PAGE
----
ge-clypian, -clipian; p. ode, ede; pp. od, ed [clypian, clipian to call] To call, call upon, invoke; v&o-short;c&a-long;re, inv&o-short;c&a-long;re :-- He his naman geclipode inv&o-short;c&a-long;vit n&o-long;men ejus, Gen. 12, 8. Manega synt geclypede multi sunt v&o-short;c&a-long;ti, Mt. Bos. 20, 16. [Still retained in y-clept.]

ge-cnæ-acute;we; adj. Knowing, conscious, aware, acknowledging; cognoscens, conscius :-- Se synfulla stód feorran, gecnæ-acute;we his misdæ-acute;da the sinful stood afar off, conscious of his misdeeds, Homl. Th. ii. 428, 27. Se cwellere bæd forgifenysse, gecnæ-acute;we his mánes the murderer prayed for forgiveness, acknowledging his crime, 510, 20. We sind gecnæ-acute;we ðæt . . . we are aware that . . . , 378, 9. Híg ealle wæ-acute;ron ðæs gecnæ-acute;we omnes testimonium illi dabant, Lk. Bos. 4, 22.

ge-cnáwan; ic -cnáwe, ðú -cnáwest, -cnæ-acute;wst, he -cnáweþ, -cnæ-acute;wþ, pl. -cnáwaþ; p. -cneów, pl. -cneówon; pp. -cnáwen To know, perceive, understand, recognise; noscere, agnoscere, sentire, cognoscere :-- Ne meahton [meahtan MS.] ða ðæs fugles flyht gecnáwan they might not know the bird's flight, Exon. 17 a; Th. 41, 12; Cri. 654 : Bt. Met. Fox 12, 46; Met. 12, 23; Beo. Th. 4101; B. 2047. Ðonne ðæt gecnáweþ

fláh feónd gemáh when the deceitful impious fiend knows that, Exon. 97 a; Th. 362, 17; Wal. 38. Heonon-forþ ge hyne gecnáwaþ henceforth ye shall know him, Jn. Bos. 14, 7. He ðæt gecneów he knew that, Exon. 46 b; Th. 159, 22; Gú. 930 : Mk, Bos. 14, 69. Ðá he ða lác gecneów qui agnitis muneribus, Gen. 38, 26. Ðæt ðú gecnáwe ðæt ðis is sóþ that thou may know that this is true, Exon. 70 b; Th. 263, 27; Jul. 356. Hí hine gecneówon cognoverunt eum, Mk. Bos. 6, 54. Gif mín fæder me handlaþ and me gecnæ-acute;wþ if my father handleth me and knows me, Gen. 27, 12. Ic ðæt gecneów I perceived that, Exon.72 a; Th. 269, 1; Jul. 443. Ge mágon sóþ gecnáwan ye may know the truth, Andr. Kmbl. 3115; An, 1560 : 3032; An. 1519 : Elen. Kmbl, 1413; El. 708. Ðæt geðeóde ðe we ealle gecnáwan mægen the language that we can all understand, Past. Swt. 6, 8. Ic hafu gecnáwen ðæt ðú Hæ-acute;lend eart middangeardes I have perceived that thou art the Saviour of the world, Elen. Kmbl. 1613; El. 808. Ðú miht ða sóðan gesæ-acute;lþa gecnáwan thou mayest recognise the true goods, Bt. 23; Fox 78, 32; 80, 2.

ge-cnedan; p. -cnæd, pl. -cnæ-acute;don; pp. -cneden To mix, mingle, spread, knead; depsere :-- Gecned nú hrædlíce þrí sestras smedeman depse nunc tres mensuras similaginis, Gen. 18, 6, Gecned hine mid meocle knead it with milk, Th. An. 119, 5. Óððæt sic gecnoeden all donec fermentaretur totum, Lk. Skt. Lind. 13, 21. Gecneden sealf cataplasma, Cot. 209.

ge-cneord; adj. Diligent, intent; intentus, sollers :-- Wæs he on willsumnesse háligra gebéda gecneord and geornfull &e-short;rat or&a-long;ti&o-long;num dev&o-long;ti&o-long;ni sollertiss&i-short;me intentus, Bd. 4, 28; S. 606, 34.

ge-cneordlæ-acute;can to study, be diligent, Hpt. Gl. 412, 432. v. cneordlæ-acute;can.

ge-cneordlíc; adj. Diligent :-- Swilce hí swuncon on wíngeardes biggencge mid gecneordlícere teolunge as if they had laboured in the cultivation of the vineyard with diligent tilling, Homl. Th. ii. 74, 33.

ge-cneordlíce; adv. Diligently; studiose :-- Ða ðe woldon woruldwisdom gecneordlíce leornian those who wished diligently to learn philosophy, Homl. Th. i. 60, 27.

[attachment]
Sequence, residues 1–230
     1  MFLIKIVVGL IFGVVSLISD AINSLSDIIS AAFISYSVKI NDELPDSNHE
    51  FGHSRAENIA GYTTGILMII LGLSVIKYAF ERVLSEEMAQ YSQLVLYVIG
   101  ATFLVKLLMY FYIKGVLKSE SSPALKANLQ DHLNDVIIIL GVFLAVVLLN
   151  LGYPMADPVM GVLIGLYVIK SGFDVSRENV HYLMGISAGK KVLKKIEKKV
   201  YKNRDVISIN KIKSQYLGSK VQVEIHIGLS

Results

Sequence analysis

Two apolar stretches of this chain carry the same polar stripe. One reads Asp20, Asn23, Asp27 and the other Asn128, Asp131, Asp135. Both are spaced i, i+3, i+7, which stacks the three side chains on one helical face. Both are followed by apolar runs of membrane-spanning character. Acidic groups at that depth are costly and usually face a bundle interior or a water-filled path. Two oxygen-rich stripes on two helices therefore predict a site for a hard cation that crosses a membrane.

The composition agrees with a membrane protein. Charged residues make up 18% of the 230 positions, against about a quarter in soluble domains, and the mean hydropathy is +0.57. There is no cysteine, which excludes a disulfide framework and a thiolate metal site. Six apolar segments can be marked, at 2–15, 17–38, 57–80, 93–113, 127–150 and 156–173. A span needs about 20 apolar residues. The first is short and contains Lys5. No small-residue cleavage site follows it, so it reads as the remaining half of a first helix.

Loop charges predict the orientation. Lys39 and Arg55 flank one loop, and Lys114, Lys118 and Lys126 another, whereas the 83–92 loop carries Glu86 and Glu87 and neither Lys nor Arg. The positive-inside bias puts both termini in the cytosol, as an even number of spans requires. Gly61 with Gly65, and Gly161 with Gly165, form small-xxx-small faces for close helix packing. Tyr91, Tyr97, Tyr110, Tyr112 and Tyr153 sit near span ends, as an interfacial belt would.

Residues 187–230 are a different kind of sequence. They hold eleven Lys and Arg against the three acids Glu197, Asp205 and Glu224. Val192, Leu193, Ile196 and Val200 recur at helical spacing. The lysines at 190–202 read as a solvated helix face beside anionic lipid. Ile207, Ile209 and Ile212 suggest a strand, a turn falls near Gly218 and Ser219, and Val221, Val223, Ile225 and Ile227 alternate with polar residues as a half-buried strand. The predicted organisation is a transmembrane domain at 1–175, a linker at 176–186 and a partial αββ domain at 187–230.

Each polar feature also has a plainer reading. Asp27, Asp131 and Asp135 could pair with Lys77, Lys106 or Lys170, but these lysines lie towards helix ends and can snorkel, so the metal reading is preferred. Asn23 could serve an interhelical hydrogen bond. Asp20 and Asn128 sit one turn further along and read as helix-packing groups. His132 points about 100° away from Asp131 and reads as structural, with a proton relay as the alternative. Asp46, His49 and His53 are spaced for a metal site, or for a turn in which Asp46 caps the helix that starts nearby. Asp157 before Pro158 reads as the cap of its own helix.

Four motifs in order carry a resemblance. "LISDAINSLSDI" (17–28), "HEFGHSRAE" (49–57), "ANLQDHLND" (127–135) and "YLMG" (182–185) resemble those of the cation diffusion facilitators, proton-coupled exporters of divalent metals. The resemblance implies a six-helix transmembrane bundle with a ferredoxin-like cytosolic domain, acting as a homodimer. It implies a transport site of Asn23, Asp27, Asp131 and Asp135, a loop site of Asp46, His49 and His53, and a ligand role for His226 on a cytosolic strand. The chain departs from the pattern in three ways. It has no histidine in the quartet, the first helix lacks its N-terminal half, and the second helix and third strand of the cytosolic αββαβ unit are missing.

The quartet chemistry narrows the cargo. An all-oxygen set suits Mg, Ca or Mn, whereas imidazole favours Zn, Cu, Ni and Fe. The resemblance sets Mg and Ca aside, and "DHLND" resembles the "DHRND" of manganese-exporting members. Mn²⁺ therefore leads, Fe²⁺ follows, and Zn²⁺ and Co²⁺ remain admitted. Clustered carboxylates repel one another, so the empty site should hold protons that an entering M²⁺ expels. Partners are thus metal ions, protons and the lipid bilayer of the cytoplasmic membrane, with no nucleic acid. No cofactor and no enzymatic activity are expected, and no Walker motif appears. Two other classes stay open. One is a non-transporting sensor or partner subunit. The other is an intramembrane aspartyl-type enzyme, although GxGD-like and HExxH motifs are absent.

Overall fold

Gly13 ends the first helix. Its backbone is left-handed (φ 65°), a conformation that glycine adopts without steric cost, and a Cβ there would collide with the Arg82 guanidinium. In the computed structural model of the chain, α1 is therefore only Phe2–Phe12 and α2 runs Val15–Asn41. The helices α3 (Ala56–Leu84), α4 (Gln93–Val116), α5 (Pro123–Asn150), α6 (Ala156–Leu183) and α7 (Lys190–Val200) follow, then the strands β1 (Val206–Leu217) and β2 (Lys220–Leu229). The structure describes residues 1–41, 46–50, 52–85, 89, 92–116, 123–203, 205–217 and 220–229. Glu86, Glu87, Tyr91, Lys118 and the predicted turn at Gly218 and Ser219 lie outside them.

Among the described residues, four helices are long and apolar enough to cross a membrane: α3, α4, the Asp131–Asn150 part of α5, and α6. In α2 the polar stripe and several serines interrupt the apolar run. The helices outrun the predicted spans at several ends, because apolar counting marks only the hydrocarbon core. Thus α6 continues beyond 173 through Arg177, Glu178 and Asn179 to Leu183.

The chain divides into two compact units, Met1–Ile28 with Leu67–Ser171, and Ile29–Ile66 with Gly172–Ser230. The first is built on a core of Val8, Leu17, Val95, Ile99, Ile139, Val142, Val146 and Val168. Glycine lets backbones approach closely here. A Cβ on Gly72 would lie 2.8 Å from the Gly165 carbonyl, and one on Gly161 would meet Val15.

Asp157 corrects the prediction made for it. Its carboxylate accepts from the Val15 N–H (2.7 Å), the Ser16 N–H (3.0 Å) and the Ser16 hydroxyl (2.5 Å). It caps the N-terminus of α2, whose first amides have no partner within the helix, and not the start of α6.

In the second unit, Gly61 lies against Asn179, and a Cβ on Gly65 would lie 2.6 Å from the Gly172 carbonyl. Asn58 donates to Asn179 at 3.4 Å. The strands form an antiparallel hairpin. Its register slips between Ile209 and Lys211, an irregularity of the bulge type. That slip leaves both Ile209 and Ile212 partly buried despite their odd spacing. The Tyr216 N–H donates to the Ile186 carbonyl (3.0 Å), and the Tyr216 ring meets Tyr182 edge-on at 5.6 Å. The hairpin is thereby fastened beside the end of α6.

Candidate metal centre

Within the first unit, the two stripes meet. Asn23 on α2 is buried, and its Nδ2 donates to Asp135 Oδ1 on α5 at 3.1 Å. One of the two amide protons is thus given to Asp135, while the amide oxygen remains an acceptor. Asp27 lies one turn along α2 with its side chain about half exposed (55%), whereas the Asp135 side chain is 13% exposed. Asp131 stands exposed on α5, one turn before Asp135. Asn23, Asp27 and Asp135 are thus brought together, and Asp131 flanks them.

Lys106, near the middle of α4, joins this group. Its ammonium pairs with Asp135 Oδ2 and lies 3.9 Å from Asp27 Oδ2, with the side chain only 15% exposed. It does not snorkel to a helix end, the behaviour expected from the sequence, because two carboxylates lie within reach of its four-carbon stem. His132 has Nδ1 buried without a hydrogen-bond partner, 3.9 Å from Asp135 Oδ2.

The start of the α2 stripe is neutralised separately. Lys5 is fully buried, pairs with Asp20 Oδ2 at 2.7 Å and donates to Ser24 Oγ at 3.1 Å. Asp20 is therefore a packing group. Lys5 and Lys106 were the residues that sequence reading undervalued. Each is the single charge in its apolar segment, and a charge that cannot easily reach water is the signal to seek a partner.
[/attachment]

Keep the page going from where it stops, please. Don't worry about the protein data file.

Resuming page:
ge-cneordnys, -nyss, e; f. [cneordnys diligence] Diligence, study, an invention; d&i-long;l&i-short;gentia, st&u-long;dium, adinventio :-- Gecneordnysse st&u-long;dium, Greg. Dial. 2, 8. Gremedon hine on gecneordnyssum his irrit&a-long;v&e-long;runt eum in adinventi&o-long;n&i-short;bus suis, Ps. Spl. 105, 28.

ge-cneórednis, se; f. Genealogy; genealogia, Hpt. Gl. 552.

ge-cneów knew, perceived, Gen. 38, 26 : Elen. Kmbl. 2278; El. 1140; p. of ge-cnáwan.

ge-cneówian; p. ode; pp. od. [cneówian to kneel] To bend the knee, kneel; genuflect&o-short;re :-- He on díglum stówum gecneówige gelóme let him frequently kneel in secret places, L. Pen. 16; Th. ii. 282, 30.

ge-cnocian to beat, pound, Herb. 64; Lchdm. i. 168, 6, MS. B. v. ge-cnucian.

ge-cnoden given, dedicated, Bt. Met. Fox 1, 63; Met. 1, 32. v. cnódan.

ge-cnucian, -cnocian; p. ode, ede, ude; pp. od, ed, ud [cnucian to beat] To beat, pound; tund&e-short;re, pertund&e-short;re :-- Gecnuca hý mid swínenum góre pound it with swine dung, Herb. 9, 3; Lchdm. i. 100, 11. Mid gecnucedum [MS. gecnucedon] ele &o-short;leo t&u-long;so, Ex. 29, 40. Genim ða wyrte gecnucude [gecnocode MS. B.] take the herb pounded, Herb. 64; Lchdm. i. 168, 6.

ge-cnycc, es; n. A bond; nexus :-- Gicnyccum nexibus, Rtl. 59, 13; 66, 25. v. gecnyttan.

ge-cnyrdlæcan to study. v. cneordlæcan.

ge-cnyssan, -cnysan; p. ede, de; pp. ed [cnyssan to press, trouble] To press, trouble, strike, beat, overcome; pr&e-short;m&e-short;re, tr&i-long;b&u-short;l&a-long;re, puls&a-long;re, &i-long;c&e-short;re :-- Unsóþfæstne wet yfel gcnysseþ v&i-short;rum injustum m&a-short;la c&a-short;pient, Ps. Th. 139, 11. Gecnyssed ictus, Ælfc. Gr. 43; Som. 44, 55. Wurdon Rómáne gecnysede the Romans were overcome, Ors. 3, 11; Bos. 71, 19.

ge-cnyttan, -cnyhtan; p. -cnytte; pp. -cnytted, -cnytt, -cnyt [cnyttan to tie] To tie or fasten to, to annex; adnect&e-short;re, all&i-long;g&a-long;re :-- Gecnyttan adnect&e-short;re, Cot. 4. Bende gicnyhtest vinculo nexius ti, Rtl. 108, 21. Betere him ys ðæt án cwyrnstán sí to hys swyran gecnytt exp&e-short;dit ei ut suspend&a-long;tur m&o-short;la as&i-short;n&a-long;ria in collo ejus, Mt. Bos. 18, 6. Gecnyt, Mk. Bos. 9, 42 : Lk. Bos. 17, 2. Gicnyht, Rtl. 109, 41; Jn. Skt. Lind. 11, 44. [Laym. i-cnutten; p. pl. knotted.]